Will you be hiring a confinement lady? If so, add another $3000 to your budget, and perhaps another $800 more for groceries.  If not, will you be catering confinement food? That can cost another $1000. What about post-natal massages and herb baths? Prepare another $2000.



4. Plan for newborn hospitalisation and personal accident insurance

Get this settled within your baby's first 30 - 60 days of birth especially if you're already on a maternity insurance plan. The last thing you'll want to deal with is a newborn who needs medical treatment but you're left stark naked without any coverage. Other plans for your baby could include any of these top 5, which are commonly recommended and I've explained what they each cover here.

We are also intending to get a personal accident plan for our child as it is generally super affordable, and for less than $1 a day, the policy will cover stuff like insect bites, food poisoning, HFMD, dengue fever, Zika, measles and other infectious diseases.


5. Come up with your newborn essentials list and budget for it.

A baby crib, clothes, wash cloths, swaddle blankets, mittens, socks, plenty of diapers (newborns go through 8 a day), breastmilk bags, breast pads, nursing bras, breast pumps, formula milk, a car seat, etc... Have you gotten all of those prepared? To find the best deals and discounts, I like going to baby fairs and shopping online on sites like Qoo10 for group buys. Carousell is another great place to find new stuff that other mummies have stocked up extra on and no longer need. I've also consolidated a list of my favourite Taobao baby essentials here!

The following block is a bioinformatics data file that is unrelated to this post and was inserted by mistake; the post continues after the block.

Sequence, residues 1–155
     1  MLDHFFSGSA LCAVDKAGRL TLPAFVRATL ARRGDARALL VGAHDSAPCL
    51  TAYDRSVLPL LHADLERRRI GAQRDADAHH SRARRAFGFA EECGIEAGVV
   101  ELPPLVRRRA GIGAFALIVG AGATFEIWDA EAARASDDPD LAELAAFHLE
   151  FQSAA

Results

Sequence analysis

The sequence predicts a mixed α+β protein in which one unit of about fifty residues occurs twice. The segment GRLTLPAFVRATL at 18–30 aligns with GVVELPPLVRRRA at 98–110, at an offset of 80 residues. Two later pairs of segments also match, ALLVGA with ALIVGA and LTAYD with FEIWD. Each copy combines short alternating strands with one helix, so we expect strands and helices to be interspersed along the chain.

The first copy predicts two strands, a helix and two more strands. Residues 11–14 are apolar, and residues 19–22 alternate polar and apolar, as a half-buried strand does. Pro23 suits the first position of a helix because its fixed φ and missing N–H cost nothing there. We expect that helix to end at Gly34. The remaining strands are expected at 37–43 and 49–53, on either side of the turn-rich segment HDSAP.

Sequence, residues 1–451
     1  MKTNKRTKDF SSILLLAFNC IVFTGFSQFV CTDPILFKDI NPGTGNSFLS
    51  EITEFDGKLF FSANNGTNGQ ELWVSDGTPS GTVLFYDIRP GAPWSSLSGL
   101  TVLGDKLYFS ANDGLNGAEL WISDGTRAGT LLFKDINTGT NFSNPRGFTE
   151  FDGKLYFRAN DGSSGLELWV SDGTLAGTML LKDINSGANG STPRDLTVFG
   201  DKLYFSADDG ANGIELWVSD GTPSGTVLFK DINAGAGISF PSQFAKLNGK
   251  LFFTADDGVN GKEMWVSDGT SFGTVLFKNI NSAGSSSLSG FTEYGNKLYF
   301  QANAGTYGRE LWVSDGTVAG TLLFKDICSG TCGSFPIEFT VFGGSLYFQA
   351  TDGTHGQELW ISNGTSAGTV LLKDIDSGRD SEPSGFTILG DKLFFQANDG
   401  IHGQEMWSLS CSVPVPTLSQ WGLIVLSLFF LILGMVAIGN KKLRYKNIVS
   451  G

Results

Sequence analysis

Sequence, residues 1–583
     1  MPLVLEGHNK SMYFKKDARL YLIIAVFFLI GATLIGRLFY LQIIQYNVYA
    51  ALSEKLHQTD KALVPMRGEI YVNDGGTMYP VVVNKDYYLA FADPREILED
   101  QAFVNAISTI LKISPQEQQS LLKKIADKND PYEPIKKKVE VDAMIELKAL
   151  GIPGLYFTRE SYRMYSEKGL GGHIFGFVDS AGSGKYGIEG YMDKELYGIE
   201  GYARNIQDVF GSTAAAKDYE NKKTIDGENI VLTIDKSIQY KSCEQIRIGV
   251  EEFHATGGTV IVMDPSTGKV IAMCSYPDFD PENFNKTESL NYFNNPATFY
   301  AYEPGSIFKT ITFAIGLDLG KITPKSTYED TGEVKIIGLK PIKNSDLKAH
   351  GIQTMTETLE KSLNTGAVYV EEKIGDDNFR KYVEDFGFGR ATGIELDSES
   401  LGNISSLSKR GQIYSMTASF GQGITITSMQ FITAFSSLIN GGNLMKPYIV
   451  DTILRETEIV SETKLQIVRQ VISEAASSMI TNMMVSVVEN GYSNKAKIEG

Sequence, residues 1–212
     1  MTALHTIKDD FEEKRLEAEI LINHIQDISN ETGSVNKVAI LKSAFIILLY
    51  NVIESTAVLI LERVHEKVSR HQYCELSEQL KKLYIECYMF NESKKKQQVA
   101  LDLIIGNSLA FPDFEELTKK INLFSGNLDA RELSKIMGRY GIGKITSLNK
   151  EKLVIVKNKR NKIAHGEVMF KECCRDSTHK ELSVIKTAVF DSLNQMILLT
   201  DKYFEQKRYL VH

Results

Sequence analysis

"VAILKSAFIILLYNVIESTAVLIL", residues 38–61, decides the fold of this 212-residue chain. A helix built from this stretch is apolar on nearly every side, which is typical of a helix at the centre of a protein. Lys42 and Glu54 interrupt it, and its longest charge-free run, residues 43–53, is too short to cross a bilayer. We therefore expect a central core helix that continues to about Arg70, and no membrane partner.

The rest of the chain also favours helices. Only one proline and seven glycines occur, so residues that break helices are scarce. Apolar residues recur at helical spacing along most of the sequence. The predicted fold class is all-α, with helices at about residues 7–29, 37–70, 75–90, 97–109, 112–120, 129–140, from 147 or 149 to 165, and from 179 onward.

6. Plan for childcare

Who will take care of your baby while you're out, or when you return to work after your maternity leave is over? Will you be hiring a domestic helper, or will the grandparents be able to help?


7. Choose a paediatrician and check that it is within your insurance coverage

Your newborn's first visit will probably come sooner than you expect, so make sure you've already shortlisted a paediatrician in advance to save yourself the trouble and headache when the time comes. Also check with your insurance agent on how paediatrician fees will fall under your insurance network, and what can or cannot be covered.


8. Start tracking your expenses now (if you haven't already done so)

Use a tracking app like Seedly, or pick from any of the free mobile apps that you like! It is crucial that you start tracking your expenses now so you can see where your money is going to and how much you're spending, pre-baby. That way, when you continue this habit after baby has been born, it'll be easier for you to compare and figure out how much to set aside regularly now that you have an additional life to care for.


Another helpful list which I took from Aviva's website here

9. Build up your emergency fund!

As you can see, all of the above costs money, so you should probably start saving for it as soon as you can / find out you're expecting!

My husband and I projected about $20k for pregnancy and delivery, and another $20k in the first year after baby is born. As such, we put aside a buffer fund of $50k to ensure we won't be caught off-guard if anything happens.